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Civil-Military Fusion in the Indian Context


Author: Group Captain Ashish Thapa, Warfare and Aerospace Strategy Programme Participant

Keywords: Civil Military Relation and Fusion, Determinants, Civilian Control, Strategic Culture, Political stability

Military and civilian relations have been prevalent from the times humans settled down in civilisations and waged wars for civilisational survival. These two bodies are integral parts of any nation, civilisation or tribe and have interdependence irrespective of their divergent roles. It is important to define the civilian body in a Civil-Military conundrum. The civilian is anything non-military that is involved in the administrative and political functions of the state. In definite terms, these include the political entities and the bureaucrats. Johana Mendelson Forman and Claude Welch define Civil-Military Relations (CMR) as:

“Civil Military relations refer broadly to interactions between armed forces as institutions and the sectors of the society in which they are embedded. Most commonly, civil-military relations focus on the relative distribution of power between the government and the armed forces of the country.”[1]

Samuel Huntington defines CMR at two levels. At the power level, it is the power of the officer corps relative to the civilian groups within the society. On the ideological level, it is the compatibility of professional military ethics with the political ideologies prevailing in the society.[2]

Through all the definitions, a few points that characterise civil-military relations emerge: First, it is the relations between military and civilian bodies at a higher level of society (officer’s corps and governing organs of the civilians, as per Huntington). Second, there is power and ideology involved. This is where the CMR definition leads to ‘civilian control’ of the military, which Huntington writes, “the role of the military in society has been frequently discussed in terms of civilian control.[3] Gp Capt Rajesh Chaudhary argues that the definition of CMR has been laid down by Western construct, although he agrees the key ingredient of CMR continues to be civilian control over military forces.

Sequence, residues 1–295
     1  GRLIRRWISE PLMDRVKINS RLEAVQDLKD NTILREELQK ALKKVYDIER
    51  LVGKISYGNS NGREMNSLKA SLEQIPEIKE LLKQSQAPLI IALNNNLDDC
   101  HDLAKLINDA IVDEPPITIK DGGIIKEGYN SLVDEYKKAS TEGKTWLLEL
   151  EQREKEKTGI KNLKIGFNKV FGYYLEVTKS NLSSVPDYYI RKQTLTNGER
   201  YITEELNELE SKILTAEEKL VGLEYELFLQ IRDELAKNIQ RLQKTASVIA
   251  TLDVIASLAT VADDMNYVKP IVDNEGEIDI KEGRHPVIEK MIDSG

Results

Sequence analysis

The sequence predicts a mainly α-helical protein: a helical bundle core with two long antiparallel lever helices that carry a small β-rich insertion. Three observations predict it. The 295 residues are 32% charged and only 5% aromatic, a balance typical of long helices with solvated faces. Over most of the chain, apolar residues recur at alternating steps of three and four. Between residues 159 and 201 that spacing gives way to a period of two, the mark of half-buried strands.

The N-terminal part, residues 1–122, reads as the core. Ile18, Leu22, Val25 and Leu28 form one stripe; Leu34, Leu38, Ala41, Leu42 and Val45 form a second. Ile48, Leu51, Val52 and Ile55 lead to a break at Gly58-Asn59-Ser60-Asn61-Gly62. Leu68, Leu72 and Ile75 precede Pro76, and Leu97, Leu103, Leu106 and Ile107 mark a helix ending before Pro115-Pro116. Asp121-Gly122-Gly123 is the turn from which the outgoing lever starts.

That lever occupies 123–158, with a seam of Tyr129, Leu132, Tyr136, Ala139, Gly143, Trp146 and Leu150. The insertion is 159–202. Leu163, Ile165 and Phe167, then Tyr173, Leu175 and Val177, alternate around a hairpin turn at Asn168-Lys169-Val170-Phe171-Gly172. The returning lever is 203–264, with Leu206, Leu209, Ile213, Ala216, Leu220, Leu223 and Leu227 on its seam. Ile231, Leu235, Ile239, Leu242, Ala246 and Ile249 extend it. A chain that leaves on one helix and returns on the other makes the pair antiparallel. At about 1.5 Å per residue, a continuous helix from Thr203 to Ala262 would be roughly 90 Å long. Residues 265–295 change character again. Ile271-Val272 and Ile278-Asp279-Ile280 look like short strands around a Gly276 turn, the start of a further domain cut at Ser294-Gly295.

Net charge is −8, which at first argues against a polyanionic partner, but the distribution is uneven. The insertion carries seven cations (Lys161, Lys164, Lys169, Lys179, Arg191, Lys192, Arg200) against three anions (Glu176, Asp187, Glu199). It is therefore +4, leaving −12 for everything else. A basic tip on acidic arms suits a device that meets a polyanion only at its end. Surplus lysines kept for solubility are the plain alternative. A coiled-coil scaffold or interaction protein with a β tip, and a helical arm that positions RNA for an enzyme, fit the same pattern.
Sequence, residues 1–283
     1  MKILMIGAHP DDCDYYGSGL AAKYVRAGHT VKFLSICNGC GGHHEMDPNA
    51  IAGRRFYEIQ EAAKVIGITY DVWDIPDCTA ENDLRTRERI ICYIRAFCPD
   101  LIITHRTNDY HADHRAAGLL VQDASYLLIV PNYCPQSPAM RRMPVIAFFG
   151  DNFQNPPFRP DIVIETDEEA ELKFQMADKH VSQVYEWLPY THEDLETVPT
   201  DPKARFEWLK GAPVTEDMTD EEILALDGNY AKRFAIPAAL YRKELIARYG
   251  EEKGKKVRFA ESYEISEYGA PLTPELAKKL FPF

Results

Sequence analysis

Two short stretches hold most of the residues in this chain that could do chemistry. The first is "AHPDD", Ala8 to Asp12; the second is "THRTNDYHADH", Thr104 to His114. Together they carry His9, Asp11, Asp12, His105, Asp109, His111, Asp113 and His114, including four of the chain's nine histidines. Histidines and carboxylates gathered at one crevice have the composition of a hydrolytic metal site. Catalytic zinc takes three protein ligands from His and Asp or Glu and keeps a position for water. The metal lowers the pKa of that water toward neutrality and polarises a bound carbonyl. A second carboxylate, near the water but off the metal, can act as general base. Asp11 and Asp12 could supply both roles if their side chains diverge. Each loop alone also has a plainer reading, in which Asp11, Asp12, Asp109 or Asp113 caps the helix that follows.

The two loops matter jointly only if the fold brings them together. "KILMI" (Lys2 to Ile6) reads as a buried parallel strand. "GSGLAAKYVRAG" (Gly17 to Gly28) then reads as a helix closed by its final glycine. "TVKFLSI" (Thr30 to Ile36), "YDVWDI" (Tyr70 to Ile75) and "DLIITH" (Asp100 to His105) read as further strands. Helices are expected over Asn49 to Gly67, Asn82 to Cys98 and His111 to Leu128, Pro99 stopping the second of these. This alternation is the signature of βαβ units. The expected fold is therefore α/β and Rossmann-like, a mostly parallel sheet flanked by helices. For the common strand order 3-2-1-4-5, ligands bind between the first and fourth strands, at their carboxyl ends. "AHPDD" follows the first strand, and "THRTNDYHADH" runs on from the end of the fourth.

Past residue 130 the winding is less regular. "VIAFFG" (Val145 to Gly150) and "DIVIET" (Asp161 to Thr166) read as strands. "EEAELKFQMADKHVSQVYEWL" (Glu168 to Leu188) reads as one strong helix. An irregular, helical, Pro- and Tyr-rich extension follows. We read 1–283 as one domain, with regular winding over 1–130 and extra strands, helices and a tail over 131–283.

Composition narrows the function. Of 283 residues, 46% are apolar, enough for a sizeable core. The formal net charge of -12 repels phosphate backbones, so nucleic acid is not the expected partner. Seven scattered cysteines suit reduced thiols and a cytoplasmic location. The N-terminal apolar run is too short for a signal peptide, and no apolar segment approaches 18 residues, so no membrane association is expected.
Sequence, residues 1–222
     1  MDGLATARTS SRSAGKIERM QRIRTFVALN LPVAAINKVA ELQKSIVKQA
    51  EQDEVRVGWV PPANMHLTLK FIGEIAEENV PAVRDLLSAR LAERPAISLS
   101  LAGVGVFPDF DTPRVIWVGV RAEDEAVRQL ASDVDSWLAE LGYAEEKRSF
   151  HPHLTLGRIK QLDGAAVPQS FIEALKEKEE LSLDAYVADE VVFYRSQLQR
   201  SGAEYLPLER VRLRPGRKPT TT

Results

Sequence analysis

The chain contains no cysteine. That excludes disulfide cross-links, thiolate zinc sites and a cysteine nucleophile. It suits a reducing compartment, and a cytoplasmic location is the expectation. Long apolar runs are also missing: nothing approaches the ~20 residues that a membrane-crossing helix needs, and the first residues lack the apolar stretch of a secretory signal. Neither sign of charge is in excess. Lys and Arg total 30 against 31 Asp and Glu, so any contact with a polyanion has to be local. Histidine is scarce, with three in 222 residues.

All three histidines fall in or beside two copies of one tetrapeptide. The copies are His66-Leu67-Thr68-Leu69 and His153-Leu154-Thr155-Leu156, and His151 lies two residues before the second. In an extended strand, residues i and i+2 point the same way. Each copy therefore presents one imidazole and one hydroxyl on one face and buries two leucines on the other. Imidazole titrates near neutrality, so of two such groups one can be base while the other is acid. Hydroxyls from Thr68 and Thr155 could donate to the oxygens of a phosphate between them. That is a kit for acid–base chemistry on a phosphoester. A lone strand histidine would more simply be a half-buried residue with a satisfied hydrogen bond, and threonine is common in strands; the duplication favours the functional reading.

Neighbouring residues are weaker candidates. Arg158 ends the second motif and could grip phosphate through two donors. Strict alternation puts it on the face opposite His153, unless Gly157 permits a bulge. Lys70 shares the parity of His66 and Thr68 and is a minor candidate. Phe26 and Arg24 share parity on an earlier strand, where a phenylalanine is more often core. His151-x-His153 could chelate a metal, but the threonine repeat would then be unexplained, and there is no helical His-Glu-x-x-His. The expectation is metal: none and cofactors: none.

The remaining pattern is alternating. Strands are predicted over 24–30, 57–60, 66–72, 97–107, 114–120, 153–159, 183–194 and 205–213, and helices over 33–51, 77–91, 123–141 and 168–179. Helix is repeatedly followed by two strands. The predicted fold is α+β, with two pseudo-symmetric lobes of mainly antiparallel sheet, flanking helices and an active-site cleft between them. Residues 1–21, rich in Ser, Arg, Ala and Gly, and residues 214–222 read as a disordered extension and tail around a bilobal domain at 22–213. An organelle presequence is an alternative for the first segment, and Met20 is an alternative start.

Relation and Fusion

If CMR has a pessimistic shade, with the wresting of control as the objective, one might question why this concept warrants attention or study, especially from the military side. The study of CMR is essential to protect our sovereignty and ensure robust national security. Any challenge to a nation’s sovereignty and security is addressed by the national powers in which the military and politics have key roles. To ensure that the nation is not weakened, it is essential that CMR be studied, structured, refined, and implemented. No nation in the world can exist without a relationship between the military and government, as they work together towards a nation’s existence, growth and security. Gp Capt Chaudhary mentions the harmony that existed between the military and society from the Vedic era onwards.[4] The great Gupta Empire, which hallmarks the golden age of Indian history, had effective civil-military liaison. The ruler had his military department, but along with it, he had diplomats- the minister of war and peace, known as the “Mahasandhivigrahika”, and the finance minister, known as the “Ranabhandagaradhikarna”, who ably supported the military in pursuit of the empire’s expansion and glory. In the colonial era, the British had a setup of Governors and Commanders-in-Chief, which effectively ruled India for 300 years (with relatively minimal conflict between them). In China, the relationship between the government, bureaucrats and the military has been prevalent since the Shang/Zhou era. The bureaucrats and military relations in ancient China had strains because of literacy and class differences, but the relations were instrumental in stretching the empire till the 20th century. In the modern world, where democracy is the primary ideology of governance, the military cannot wish away civilian control.

It is paradoxical that the military, which is supposed to preserve a government, is feared by the same government. Peter D Feaver puts it as: “The very institution created to protect the polity becomes a threat to the polity.” The study of CMR is even more important for the military because ‘sensible civilian control’ and ‘strong military power’ can together team up to ensure good governance, accelerated national growth, improved stability and robust national security. Through the study of CMR, military leaders can bring trust and efficiency in their dealings while continuing to improve the strength of the military towards the nation’s security. The relations, when intertwined, become interdependent and more productive. This is called ‘Fusion’. The idea of CMR needs to be graduated to Civil-Military Fusion. The concept of Civil-Military Fusion (CMF) denotes the convergence of military and civilian resources and systems for maximising a nation’s ability to express its comprehensive national power both during war and peacetime.[5]